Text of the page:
THE recent disclosure by the National Oil Spill Detection and Remediation Agency that oil and gas firms have been fined $294 million for gas flaring calls to question the Federal Government’s commitment to performance targets and strategic planning. Many decades after commercial exploitation of crude oil began in the country, a most valuable energy resource has continued to be wasted in flaming flare stacks around production oil wells in the Niger Delta region. Apart from the huge economic costs, it causes incalculable damage to the physical environment and human health. The full might of the state should be applied to stop this practice.
According to NOSDRA, 147 billion standard cubic feet of associated gas was flared by oil exploration and production companies in the country, from both onshore and offshore oil facilities, between January and August 2022. In the corresponding period of 2021, 169 billion scf was combusted.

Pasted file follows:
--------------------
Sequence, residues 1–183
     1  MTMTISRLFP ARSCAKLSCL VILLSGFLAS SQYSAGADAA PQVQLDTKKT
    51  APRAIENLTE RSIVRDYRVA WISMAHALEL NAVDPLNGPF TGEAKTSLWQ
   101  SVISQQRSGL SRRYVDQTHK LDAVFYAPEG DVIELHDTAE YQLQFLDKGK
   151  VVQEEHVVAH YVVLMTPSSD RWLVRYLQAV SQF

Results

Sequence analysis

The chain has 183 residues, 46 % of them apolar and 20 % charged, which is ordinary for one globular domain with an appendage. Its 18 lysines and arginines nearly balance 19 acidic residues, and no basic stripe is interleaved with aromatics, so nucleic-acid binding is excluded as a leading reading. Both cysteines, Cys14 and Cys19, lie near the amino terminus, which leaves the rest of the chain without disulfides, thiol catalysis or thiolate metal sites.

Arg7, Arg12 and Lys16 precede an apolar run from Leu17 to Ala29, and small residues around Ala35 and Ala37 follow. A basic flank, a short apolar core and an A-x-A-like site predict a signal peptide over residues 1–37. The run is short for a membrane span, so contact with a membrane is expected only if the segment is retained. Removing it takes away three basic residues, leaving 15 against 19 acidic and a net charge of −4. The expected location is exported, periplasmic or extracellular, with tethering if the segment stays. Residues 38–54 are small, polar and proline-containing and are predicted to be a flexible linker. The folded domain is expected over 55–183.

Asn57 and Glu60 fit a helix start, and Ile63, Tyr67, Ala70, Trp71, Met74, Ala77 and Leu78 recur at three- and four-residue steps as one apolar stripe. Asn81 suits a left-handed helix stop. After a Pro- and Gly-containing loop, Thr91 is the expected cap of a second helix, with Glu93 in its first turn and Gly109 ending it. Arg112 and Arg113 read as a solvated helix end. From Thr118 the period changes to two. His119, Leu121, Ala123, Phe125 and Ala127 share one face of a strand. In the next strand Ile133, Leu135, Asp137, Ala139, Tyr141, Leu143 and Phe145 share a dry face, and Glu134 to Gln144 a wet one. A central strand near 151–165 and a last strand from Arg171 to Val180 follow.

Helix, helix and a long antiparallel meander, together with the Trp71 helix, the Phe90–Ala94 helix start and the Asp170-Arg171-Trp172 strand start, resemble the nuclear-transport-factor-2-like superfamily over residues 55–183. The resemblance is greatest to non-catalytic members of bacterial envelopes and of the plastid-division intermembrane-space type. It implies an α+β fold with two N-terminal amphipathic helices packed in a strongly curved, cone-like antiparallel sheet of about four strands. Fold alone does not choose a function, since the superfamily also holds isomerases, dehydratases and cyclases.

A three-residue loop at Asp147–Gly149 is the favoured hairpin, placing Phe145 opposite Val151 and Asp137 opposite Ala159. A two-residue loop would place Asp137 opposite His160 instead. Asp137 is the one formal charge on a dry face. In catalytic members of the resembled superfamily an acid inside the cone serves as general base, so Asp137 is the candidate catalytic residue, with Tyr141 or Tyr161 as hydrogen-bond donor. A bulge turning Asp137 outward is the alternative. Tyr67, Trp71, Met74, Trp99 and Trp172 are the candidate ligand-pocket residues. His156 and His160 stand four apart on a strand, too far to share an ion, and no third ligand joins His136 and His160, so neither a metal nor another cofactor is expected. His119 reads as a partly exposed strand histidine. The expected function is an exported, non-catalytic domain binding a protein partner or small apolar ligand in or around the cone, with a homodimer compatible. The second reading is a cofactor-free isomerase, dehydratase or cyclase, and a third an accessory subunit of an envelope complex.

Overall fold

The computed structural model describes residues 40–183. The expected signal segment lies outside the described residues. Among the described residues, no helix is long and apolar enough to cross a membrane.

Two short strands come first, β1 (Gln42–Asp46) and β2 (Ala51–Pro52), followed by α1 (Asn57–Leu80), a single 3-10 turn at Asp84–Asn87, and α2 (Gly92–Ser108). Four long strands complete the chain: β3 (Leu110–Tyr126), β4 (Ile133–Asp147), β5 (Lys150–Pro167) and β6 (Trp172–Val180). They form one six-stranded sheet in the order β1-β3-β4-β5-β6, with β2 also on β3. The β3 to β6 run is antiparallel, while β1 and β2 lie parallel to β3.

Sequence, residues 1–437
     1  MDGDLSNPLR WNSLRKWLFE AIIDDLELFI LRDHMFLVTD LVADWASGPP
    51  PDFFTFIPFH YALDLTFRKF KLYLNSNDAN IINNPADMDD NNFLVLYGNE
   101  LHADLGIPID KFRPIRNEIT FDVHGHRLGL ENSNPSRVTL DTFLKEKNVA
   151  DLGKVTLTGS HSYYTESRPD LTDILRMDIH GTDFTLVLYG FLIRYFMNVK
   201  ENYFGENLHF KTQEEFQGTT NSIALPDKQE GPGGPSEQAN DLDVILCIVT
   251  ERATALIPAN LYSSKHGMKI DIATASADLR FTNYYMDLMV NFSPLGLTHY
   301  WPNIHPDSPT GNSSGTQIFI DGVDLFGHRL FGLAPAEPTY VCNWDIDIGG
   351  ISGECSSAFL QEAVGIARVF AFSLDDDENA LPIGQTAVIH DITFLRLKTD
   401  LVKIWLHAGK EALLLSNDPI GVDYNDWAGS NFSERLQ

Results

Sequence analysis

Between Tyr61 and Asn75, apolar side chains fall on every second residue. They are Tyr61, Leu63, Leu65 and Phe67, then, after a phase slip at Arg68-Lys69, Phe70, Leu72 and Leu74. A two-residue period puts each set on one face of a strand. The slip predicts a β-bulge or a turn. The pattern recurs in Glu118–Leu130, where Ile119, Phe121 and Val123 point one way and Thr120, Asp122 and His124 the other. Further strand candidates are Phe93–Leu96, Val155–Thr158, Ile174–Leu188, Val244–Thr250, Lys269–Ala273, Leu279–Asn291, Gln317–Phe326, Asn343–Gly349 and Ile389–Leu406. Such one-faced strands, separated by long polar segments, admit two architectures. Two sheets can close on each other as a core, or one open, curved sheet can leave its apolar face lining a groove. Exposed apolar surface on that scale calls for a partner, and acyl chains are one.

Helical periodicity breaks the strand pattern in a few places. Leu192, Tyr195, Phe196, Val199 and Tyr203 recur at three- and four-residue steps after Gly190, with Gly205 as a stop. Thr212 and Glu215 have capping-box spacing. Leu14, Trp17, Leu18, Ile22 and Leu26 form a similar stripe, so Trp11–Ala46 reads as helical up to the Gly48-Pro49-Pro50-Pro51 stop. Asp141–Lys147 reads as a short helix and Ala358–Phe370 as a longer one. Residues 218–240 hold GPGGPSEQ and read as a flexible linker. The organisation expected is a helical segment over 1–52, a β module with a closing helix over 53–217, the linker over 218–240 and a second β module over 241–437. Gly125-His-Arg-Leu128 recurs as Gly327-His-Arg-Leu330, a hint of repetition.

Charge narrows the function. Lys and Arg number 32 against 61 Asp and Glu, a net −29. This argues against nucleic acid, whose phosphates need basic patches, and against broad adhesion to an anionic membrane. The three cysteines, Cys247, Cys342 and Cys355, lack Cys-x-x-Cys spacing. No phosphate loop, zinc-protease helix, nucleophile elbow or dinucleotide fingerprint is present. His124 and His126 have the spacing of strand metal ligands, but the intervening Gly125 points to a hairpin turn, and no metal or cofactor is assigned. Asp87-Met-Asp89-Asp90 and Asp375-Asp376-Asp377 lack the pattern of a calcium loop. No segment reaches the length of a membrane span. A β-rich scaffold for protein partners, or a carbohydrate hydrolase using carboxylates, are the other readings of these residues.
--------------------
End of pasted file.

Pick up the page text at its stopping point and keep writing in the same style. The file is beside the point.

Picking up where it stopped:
Based on the fines specified in the Flare Gas (Prevention of Waste and Pollution) Regulation, adopted in 2018 by the Federal Executive Council, $2 is paid for every 1,000scf of gas flared by a company producing over 10,000 barrels per day and $0.5 for those producing less than 10,000bpd. This resulted in total fines amounting to $294 million for the first eight months of the year.
The 147 billion scf of gas combusted was worth $515 million. Juxtaposed with the $294 million fines, the financial loss to Nigeria is immediately evident – a whopping $221 million in eight months. In other words, Nigeria suffered a double tragedy: it was paid paltry sums from fines that grossly undervalue the resource, while also bearing the environmental degradation and health hazards, whose costs have not been quantified.